Imagine going to bed at night on the cold floor of your house, maybe without even so much as a blanket and a pillow to call your own. With still about one and seven children in Massachusetts still living below the poverty line, this is the reality for thousands of children who may even be living in the same town as you.
“A Bed For Every Child” was started by the Massachusetts Coalition for the Homeless in order to provide thousands of children in poverty across the state with a bed to sleep in at night.
“Bed are one of the most overpriced pieces of furniture in your house,” says Robyn Frost, Executive Director of the Massachusetts Coalition for the Homeless.
“It really is critical that our body’s sleep, eat and get water. Those are the three things that are most important to a human being and if a child is not getting the proper sleep, and it is because of something like a bed you know that’s solvable.”
A major component to the spread and success of the initiative thanks to the help of the Cooperative Credit Union Association (CCUA). The CCUA has been involved with the coalition for over twenty years, according to Donna Bevilacqua, Director of Communications and Community Relations for the CCUA.
“We have supported all of their initiatives but the initiative that we have decided to focus on has been A Bed For Every Child,” said Bevilacqua.
“It is an initiative that most people can relate to when you realize when you woke up in the morning that you woke up in a bed. It’s hard to imagine that there are many children out there in this state that do not wake up in a bed everyday.”
The CCUA has several activities throughout the year to raise funding for the initiative including a charity golf tournament that is scheduled later this month. Recently, members of the CCUA and other volunteers hosted the ‘Build-A-Bed Challenge” to build beds for kids. Volunteers worked in teams to assemble the beds under a certain time limit. After the challenge was over, a total of 40 beds were built for children in need.
“It was absolutely amazing to see what this was like and what that does and what it will do for a child,” said Bevilacqua about her experience at the Build-A-Bed Challenge.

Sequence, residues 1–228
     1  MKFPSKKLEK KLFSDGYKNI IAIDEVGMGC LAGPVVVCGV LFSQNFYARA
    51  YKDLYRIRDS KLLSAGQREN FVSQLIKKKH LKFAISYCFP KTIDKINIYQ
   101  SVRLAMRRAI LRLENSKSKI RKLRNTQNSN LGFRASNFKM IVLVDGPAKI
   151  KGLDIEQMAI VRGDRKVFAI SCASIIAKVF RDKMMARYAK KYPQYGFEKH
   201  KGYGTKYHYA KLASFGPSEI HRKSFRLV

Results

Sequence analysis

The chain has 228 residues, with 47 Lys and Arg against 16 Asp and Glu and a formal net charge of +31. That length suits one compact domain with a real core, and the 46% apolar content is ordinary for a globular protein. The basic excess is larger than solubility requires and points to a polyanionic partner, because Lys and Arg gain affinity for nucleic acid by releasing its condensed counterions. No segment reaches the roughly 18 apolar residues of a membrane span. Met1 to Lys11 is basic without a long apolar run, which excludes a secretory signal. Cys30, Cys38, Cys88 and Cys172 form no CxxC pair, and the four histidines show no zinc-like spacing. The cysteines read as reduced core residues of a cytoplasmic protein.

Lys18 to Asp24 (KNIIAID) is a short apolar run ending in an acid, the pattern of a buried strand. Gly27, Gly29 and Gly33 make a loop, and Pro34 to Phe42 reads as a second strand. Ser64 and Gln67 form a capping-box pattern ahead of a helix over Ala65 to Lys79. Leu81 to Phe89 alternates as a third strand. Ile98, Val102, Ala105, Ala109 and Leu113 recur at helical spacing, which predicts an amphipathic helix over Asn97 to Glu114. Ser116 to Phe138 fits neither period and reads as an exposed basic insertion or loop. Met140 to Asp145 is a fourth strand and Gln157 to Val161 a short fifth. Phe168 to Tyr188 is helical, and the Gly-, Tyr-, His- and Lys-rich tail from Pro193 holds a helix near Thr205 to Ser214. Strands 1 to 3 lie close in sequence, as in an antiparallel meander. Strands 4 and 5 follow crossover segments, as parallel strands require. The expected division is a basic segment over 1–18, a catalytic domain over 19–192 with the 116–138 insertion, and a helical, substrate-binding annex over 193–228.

“All of the participating volunteers form the credit unions were so impressed and felt so good about what they did.”
Studies like the one done by ScienceDaily have shown that students who receive little or disrupted sleep tend to perform poorly in the classroom compared to students who are well rested. In fact, children who get adequate amounts of sleep are affected in every aspect of their lives, including their problem solving skills and ability to stay focused.
Since its creation, the initiative has partnered with public schools to assisted families who live in poverty and has provided beds for over 3,000 kids with 1,600 within this year alone. Currently in its fifth year, A Bed for Every Child is only in Massachusetts although going national is not completely out of the question, says Frost. Frost discusses the more realistic goal of being able to manufacture their own beds as soon as September 2017.
“It’s taken awhile for us to get things where we’d like them to be but I can tell you this is one of the first initiatives that the Massachusetts Coalition has that, I think, has made such an impact and is so important out there,” said Bevilacqua.
“I know personally myself it gives me that satisfying feeling of knowing that you’ve just made a difference in the life of a child. The smile that comes on their faces when they get to see their own bed is a big thing.”